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Katy Hamilton


Katy Hamilton is a freelance researcher, writer and presenter on music. She is a specialist in nineteenth-century Austro-German repertoire, in particular the music of Johannes Brahms and his contemporaries, exploring chamber and vocal music and its connection to amateur music-making. She has also been involved in a wide range of other research projects and publications covering subjects as diverse as the history of the Edinburgh Festival, the role of émigré musicians in post-1945 British musical life, and variety shows at the Wigmore Hall in the early twentieth century. She has provided concert introductions and programme notes for the Wigmore Hall, Salzburg Festival, Victoria & Albert Museum, National Gallery, BBC Proms and Edinburgh International Festival, and writes regularly for Naxos records.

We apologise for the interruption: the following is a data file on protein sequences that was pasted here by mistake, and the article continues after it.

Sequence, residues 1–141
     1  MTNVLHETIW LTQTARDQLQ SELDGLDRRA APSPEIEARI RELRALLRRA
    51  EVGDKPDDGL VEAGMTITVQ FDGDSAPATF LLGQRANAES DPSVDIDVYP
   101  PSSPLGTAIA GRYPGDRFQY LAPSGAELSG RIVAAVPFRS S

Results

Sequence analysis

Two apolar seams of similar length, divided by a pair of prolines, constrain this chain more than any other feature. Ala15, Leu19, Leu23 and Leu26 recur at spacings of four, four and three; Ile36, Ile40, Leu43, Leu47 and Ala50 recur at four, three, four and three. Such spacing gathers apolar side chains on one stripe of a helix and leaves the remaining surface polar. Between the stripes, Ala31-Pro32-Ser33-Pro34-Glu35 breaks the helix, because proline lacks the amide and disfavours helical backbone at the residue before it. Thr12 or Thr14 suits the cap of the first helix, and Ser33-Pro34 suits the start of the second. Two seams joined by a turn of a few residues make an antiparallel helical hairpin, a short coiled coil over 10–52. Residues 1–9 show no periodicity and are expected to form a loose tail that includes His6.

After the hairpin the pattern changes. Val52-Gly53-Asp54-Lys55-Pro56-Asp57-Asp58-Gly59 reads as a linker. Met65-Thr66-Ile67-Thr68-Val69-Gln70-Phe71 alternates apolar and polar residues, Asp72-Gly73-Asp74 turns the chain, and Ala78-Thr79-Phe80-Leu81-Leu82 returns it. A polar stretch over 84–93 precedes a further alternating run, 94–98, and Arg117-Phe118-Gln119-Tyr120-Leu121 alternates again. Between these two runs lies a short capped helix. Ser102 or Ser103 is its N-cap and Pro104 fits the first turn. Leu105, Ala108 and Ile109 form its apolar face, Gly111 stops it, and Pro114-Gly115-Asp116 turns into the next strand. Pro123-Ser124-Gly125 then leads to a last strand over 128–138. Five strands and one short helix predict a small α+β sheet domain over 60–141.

Katy worked as Graham Johnson’s research assistant for his monumental Franz Schubert: The Songs and their Poets (Yale University Press, 2014) and is co-editor of Brahms in the Home and the Concert Hall (Cambridge University Press, 2014). She has written chapters for the Cambridge Companion to the Singer-Songwriter and several forthcoming volumes on the history of the German Lied and the life and works of Johannes Brahms. She is also a regular writer for the ‘Repertoire Explorer’ score series, published by Jürgen Höflich, which seeks to make lesser-known works of the nineteenth and early twentieth centuries available to a wider public. She has a particular passion for finding ways to explore new and familiar repertoire with concert audiences, whether in written form or through talks and broadcasting.

In addition to her research and presentation work, Katy has taught at the Royal College of Music, City Lit, the University of Nottingham and Middlesex University, working with students in performance workshops and music history classes. She has made several appearances on BBC Radio 3, as a Brahms specialist and as part of the Record Review team. She is also Public Events Programmer at the Foundling Museum in central London.

Last updated: Aug 2017